Set against the backdrop of London’s punk boom in the 70s, Cruella is probably Disney’s most fashion forward film yet. Directed by I, Tonya’s Craig Gillespie and written by Tony McNamara, the creator of chaotic period dramas The Favourite and The Great, this 101 Dalmatians prequel imagines the chain-smoking villainess’s early years as an anarchic aspiring designer stomping around Notting Hill, working as a cleaner at Liberty and sharing a squat with her sidekicks. It’s a scene that costume designer Jenny Beavan could remember vividly.
“It was very much bringing back the 70s, which I remembered quite clearly because I was completely starting my theatre design career at that point,” the two-time Oscar winner says. “That whole warehouse scene was terribly familiar to me, when I took my mind back. A lot of my friends lived in various squats, including crown commissioned property, [John] Nash terraces in Regent’s Park which were totally empty, so everybody used to take them over. Then they got all their food from things that were past their sell by dates being thrown out, so they lived on fantastic fish and double cream and stuff. It was an incredible period.”
She’d also often visit Liberty, where Emma Stone’s Estella (as our anti-heroine is first known) bags a job, and would “save up and buy Tana Lawn” printed fabric, “way out of my price range,” to “half make things, because I’ve never been very good at finishing them.” So, when Beavan first started thinking about looks for Estella and her companions, she was guided by “strong memories” of “what we all loved wearing” - from topsy-turvy layering (“when you wore a short sleeve t-shirt over a long sleeve shirt with very long cuffs… that was a look”) through “very wide lapels” to the overabundance of brown, velvet and brown velvet. “I had a brown velvet Biba hat,” she recalls, momentarily wistful. “I loved it - I don’t know what happened to it, I never wore it, but I loved it.”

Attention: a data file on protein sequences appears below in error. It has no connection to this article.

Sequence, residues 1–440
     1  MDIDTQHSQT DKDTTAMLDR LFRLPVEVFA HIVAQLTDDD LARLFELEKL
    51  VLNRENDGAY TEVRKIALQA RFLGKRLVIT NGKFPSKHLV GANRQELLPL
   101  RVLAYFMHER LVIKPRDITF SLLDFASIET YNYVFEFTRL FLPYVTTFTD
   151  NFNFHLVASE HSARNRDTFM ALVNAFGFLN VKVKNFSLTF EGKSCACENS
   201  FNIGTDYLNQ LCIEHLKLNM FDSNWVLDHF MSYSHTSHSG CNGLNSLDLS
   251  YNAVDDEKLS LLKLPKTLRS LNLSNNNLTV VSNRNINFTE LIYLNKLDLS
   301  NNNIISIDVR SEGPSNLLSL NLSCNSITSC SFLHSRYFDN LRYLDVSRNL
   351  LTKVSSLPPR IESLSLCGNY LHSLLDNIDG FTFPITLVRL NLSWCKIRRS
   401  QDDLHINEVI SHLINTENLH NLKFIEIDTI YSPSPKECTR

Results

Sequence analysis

When Estella piques the interest of the Baroness von Hellman, a veteran designer played by Emma Thompson in a series of towering hairpieces, she swaps squat life for a high fashion milieu of runway shows, cocktail parties and balls. These set-piece scenes, requiring entire collections of catwalk-worthy showstoppers, meant the project was a major undertaking for Beavan, who “took it on rather last minute… we had 10 weeks to prep this - that’s not really enough. We got a little extra because Emma Stone had a shoulder injury, which saved us. But it’s not very long to do something on this scale.”
Stone wore 47 original outfits, with Thompson not far behind with 33. For inspiration, Beavan would trawl Portobello market “almost every Friday morning and get tonnes of stuff,” before heading off to Los Angeles to visit “the vintage stores in Santa Monica market.” Cruella and the Baroness’s diametrically opposed styles place them at complementary odds with each other: the younger woman’s punk look, inspired by German singer Nina Hagen and early Vivienne Westwood, aligns her with fashion’s iconoclastic new guard, while the Baroness’s designs echo “the chicness of Dior” and Old Hollywood - putting her out of step with the changing times. Their colour palettes couldn’t be more different, either. “I think characters find their colours - Cruella has the black, white and red - the reds obviously an addition for standout moments - and she can’t be anything else,” Beavan says. “Could you put her in yellow and blue? I don’t think so. The Baroness, in her old-fashioned richness, was browns and golds… it’s sort of snobby.”